Staff Opinion: What’s wrong with the World Cup

By Danny Politoski | April 3, 2018 9:03am

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by Molly Lowney / The Beacon

The World Cup begins in less than 80 days and I could not be more conflicted about it. The World Cup is my favorite sporting event, and after almost four years of waiting since the last World Cup in 2014, it is finally almost here. 

I started to get into the World Cup in 2010 when it was held in South Africa. I was 11 years old, and I vividly remember waking up at 8 a.m. to watch the U.S. play Algeria. I woke up my sisters with cheering and yelling when Landon Donovan scored in stoppage time to win the game. 

This year is a little different though. The World Cup will be held in Russia this year, which prompts the question of, why Russia? Countries go through a bid process years in advance of a World Cup, and FIFA, the organization that runs the tournament, awards a country with the opportunity to host the World Cup. 

France, Holland, England, Spain, Portugal and Belgium all submitted bids to host the 2018 World Cup, yet FIFA chose Russia. What is even more surprising is that Qatar was chosen to host the 2022 World Cup, beating out the U.S., South Korea, Australia and Japan. June temperatures in Qatar can reach 120 degrees, so the World Cup will be in November in 2022. So why was this country where the World Cup can hardly be physically played chosen for the World Cup? Well, because FIFA, that’s why. 

You may have heard of FIFA, but if you are not familiar with it, think of it like the death eaters, and for many years they were led by Lord Voldemort himself, Sepp Blatter. For just a taste of the kind of human being Sepp Blatter is, he once suggested that women’s soccer boost viewership by wearing shorter shorts. 

Just by looking at their executive board room you can tell these guys are bad news. FIFA is the governing body for soccer, and is supposed to be a nonprofit, yet in 2015, an FBI investigation into the organization found that FIFA officials took millions of dollars in bribes from Russia and Qatar officials to host the World Cup. The investigation led to the toppling of Sepp Blatter’s regime, as well as several other FIFA officials, but sadly, nothing changed about the 2022 World Cup. Blatter was banned from soccer for six years, but will be attending the 2018 World Cup after receiving an invite from President Vladimir Putin himself. Hey, evil guys have to stick together, right?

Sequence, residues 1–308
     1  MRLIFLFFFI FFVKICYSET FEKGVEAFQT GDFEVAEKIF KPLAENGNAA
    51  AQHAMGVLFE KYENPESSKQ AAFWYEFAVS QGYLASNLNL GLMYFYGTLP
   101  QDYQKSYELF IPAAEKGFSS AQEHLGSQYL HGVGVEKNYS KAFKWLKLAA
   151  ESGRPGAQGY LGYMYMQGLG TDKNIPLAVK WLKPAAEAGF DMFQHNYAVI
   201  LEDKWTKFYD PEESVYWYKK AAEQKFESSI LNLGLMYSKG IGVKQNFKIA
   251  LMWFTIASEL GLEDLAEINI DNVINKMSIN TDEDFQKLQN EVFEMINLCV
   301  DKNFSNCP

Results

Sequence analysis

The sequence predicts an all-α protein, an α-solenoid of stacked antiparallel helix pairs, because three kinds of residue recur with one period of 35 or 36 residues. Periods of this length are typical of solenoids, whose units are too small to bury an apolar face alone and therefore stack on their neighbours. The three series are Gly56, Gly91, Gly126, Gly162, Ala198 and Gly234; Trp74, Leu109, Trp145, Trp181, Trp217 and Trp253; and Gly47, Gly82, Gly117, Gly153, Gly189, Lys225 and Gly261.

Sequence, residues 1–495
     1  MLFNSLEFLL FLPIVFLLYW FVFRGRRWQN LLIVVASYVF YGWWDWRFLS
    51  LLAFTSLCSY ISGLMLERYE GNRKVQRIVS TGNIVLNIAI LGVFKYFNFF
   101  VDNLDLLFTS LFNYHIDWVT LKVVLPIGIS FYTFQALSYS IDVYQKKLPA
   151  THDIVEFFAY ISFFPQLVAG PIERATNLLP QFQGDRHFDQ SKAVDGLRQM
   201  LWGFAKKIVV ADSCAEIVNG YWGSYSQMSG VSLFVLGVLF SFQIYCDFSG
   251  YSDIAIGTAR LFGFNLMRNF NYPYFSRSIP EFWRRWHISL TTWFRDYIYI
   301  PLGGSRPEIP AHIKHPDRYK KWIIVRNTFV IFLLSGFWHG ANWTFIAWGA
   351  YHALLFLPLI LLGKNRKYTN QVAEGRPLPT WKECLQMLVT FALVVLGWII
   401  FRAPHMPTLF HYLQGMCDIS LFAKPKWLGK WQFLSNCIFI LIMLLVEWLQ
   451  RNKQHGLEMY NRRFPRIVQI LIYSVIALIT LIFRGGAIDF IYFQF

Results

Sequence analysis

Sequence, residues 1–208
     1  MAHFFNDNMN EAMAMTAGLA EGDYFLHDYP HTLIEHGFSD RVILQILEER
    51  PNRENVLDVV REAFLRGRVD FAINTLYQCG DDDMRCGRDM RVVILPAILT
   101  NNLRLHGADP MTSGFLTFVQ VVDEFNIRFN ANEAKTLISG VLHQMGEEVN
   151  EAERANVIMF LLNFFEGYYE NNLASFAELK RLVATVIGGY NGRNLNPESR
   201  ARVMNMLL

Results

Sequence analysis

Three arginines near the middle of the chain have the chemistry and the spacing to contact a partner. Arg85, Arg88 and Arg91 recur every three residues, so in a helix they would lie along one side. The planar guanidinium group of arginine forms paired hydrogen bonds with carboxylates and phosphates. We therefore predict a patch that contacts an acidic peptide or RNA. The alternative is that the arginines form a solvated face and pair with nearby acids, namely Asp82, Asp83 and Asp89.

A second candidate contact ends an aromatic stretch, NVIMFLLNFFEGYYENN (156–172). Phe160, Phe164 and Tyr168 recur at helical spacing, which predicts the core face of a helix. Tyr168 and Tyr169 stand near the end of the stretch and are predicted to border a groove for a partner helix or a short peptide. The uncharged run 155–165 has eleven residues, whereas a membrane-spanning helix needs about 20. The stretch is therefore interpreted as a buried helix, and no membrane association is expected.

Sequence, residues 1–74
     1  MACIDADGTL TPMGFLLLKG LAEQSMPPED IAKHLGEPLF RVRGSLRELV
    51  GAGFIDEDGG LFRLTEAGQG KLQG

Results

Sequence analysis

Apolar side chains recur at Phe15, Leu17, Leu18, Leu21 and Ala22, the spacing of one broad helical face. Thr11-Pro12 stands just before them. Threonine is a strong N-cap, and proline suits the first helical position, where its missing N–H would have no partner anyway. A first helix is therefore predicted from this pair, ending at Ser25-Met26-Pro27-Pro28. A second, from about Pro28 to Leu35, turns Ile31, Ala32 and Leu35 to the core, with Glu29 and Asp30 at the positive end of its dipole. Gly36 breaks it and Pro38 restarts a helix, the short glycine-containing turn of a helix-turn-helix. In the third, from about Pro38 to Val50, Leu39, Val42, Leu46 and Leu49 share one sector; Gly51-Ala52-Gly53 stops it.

It would have made a lot more sense to host the 2022 World Cup in the US, since we already have a variety of top stadiums to choose from while Qatar is building nine new stadiums and renovating three to host the tournament. Due to scorching heat and poor working conditions, at least 1200 workers have already died in the construction of the stadiums. The next highest death toll from construction projects for sporting events around the world was 60 from the Sochi Olympics in 2014. 

In case you missed it, the United States failed to qualify for the 2018 World Cup in astonishing fashion as they lost to Trinidad and Tobago this last October. That was a bit of a wake-up call for U.S. soccer, but it could mark the beginning of a new era for soccer in the states. This has more to do with the U.S. men’s soccer program failing rather than FIFA’s evilness, but I couldn’t write about the World Cup without being painfully reminded of this. 

The World Cup is my favorite tournament in my favorite sport, and I’d really like to see FIFA stop ruining it. The 2026 World Cup host will be chosen on June 13, 2018, and there are only two bids – a joint bid between Canada, the U.S. and Mexico, and a seperate bid from Morocco. I hope and pray Morocco doesn’t get the bid because I fear that we would see unnecessary lives lost in construction of so many new stadiums. Also, I’d really like to not have to wake up at 7 a.m. to watch games for the next three World Cups.

Amidst all this corruption, I am still so incredibly excited for the World Cup, which is probably why FIFA has been able to act so corruptly for so many years – because millions of other people like me will continue to watch the World Cup no matter what. 

Danny Politoski is a freshman Environmental Science and Economics major. He can be reached at politosk21@up.edu.

Danny Politoski is a news reporter for The Beacon. He can be reached at politoski21@up.edu or on Twitter at @dpolitoski
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